In this column, Ben Witherington III answers questions about:
Research on Luke 16:19-31 indicates that the Pharisees and others of Jesus' day perceived wealth to be a sign of God's favor. Hence, Jesus' story [about Lazarus and the rich man] was intended to correct this thinking.
Oddly, research on James 2:5 (particularly from Peter H. Davids's commentary on James) indicates that the popular opinion was that poverty signified God's favor/election. Can you make sense of these apparently contradictory claims? --Greg H.
While it is true, if one reads the book of Proverbs, that wealth is sometimes seen as a blessing from God, poverty is never viewed as a blessing, not even in James. James suggests that wealth is not necessarily a sign of God's blessing, and that the poor can often be closer to God than the wealthy--indeed, that poverty can be the stimulus that drives one to God.
Is there biblical support for withholding charity in certain cases? A year ago a man was hired at my husband's workplace, and at the time the boss told my husband he was doing it as a charitable act because the man has had trouble with drugs and is practically penniless. Without subjecting you to a huge litany of gripes, however, suffice it to say that the man is a very poor worker, usually arrives late and leaves early, often doesn't show up at all, and has a terrible temper. He's a big man, and the other employees are rather afraid of him. They're also demoralized because they know they would have been fired a long time ago if they performed as poorly as he does. The boss is aware of the problems but has done nothing, as far as anyone knows.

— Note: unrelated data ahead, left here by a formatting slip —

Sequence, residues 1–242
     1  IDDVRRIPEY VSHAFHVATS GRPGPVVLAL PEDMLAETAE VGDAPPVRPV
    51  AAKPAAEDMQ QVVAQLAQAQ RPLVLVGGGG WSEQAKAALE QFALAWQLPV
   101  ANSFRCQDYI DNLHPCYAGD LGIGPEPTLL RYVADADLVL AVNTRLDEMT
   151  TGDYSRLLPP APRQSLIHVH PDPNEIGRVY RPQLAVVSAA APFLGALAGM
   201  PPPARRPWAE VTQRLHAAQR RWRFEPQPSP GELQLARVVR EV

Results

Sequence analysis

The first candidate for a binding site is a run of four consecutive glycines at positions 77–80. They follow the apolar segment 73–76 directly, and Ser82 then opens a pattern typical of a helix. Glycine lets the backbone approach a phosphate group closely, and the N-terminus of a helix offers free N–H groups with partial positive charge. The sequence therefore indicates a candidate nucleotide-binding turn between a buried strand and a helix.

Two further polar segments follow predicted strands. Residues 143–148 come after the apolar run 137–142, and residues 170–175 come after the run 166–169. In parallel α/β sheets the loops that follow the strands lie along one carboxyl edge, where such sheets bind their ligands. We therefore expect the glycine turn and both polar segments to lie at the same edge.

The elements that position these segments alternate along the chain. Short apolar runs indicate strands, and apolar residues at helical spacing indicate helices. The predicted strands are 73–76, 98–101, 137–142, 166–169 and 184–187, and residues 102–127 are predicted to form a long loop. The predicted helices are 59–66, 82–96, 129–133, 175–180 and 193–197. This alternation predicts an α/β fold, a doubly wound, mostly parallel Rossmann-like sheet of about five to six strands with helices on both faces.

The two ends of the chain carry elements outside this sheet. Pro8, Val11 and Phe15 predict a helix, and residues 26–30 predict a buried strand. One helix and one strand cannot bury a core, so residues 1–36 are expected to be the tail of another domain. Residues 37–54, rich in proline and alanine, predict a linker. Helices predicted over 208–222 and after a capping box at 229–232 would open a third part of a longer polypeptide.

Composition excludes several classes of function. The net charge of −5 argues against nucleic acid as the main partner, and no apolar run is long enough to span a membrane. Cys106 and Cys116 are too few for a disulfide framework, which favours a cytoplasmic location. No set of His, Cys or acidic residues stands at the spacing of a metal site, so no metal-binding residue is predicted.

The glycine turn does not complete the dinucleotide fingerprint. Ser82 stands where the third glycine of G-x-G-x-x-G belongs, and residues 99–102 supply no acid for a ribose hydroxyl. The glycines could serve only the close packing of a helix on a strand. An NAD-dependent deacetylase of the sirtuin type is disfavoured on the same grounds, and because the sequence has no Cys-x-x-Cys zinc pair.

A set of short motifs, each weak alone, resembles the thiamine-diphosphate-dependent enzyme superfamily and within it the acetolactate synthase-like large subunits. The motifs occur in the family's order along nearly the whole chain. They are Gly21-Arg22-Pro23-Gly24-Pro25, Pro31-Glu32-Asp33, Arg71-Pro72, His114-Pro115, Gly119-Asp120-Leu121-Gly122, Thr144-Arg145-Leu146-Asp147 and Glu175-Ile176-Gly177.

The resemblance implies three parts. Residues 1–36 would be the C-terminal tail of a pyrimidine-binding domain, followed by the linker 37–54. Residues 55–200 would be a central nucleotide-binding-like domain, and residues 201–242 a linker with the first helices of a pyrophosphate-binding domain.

I seem to recall that the Bible has something to say about this--something about knowing the person you're giving charity to--but I haven't been able to find the verse. --Anonymous
This falls under the category of being wise as serpents and innocent as doves. I would suggest that you look over the Sermon on the Mount in Matthew 5-7. Compassion and charity are acts that should be done wholeheartedly, of course, but giving someone a job which then hurts other workers is not compassionate towards those other workers. Compassion must be exercised wisely.
I have a very devoted Christian friend who has taught her kids that when they are sick, it is Satan trying to "get" them. I was shocked at this as her child developed strep throat and was at her bedroom door shivering with sickness and fever, saying, 'Satan, Satan'...Is this true to Christian belief? And if it is, where in the Bible does it say that getting an organic sickness is due to the devil? --Mary Kay B.
This is certainly not a Christian perspective. Consider, for example, what Jesus says in John 9 about the man born blind. He says that it is neither because he had sinned nor because his parents had sinned that he was in this condition. There is no one-to-one correlation in the Bible between sickness and sin, or between sickness and the Devil, for that matter. Satan is linked to one and only one particular condition in the New Testament--namely demon possession, and strep throat definitely doesn't fall under the heading of demon possession. To demonize all illness is to give the Devil way too much credit.
Can you give me the verse and scriptures in the Bible that explain who gets into heaven and under what circumstances? --Ayanna
There is very little discussion about dying and going to heaven in the New Testament, so I am not surprised you have not found the appropriate verses. What is discussed in the New Testament frequently is the means of salvation which is repeatedly said to be Jesus, whether we think of the Johannine "I am the way the truth and the life, no one comes to the Father but by me" (John 14:6) or "there is no other name under heaven by which we may be saved" (Acts 4:12). Jesus is certainly portrayed in the New Testament as the exclusive means of salvation for anyone.
Which of the Ten Commandments was not followed or enforced in the New Testament? I located 1, 5, 6, 7, 8, 9, and 10. But I was having trouble finding 2, 3, and 4. --scotland_dreamer
The Sabbath commandment was not reinforced in the Christian era--see, for example, what Paul says about keeping Sabbaths in Colossians 2:16. Christians worshipped on the Lord's Day, or Sunday, not on the Jewish Sabbath, and did not feel they had to keep the Jewish Sabbath anymore.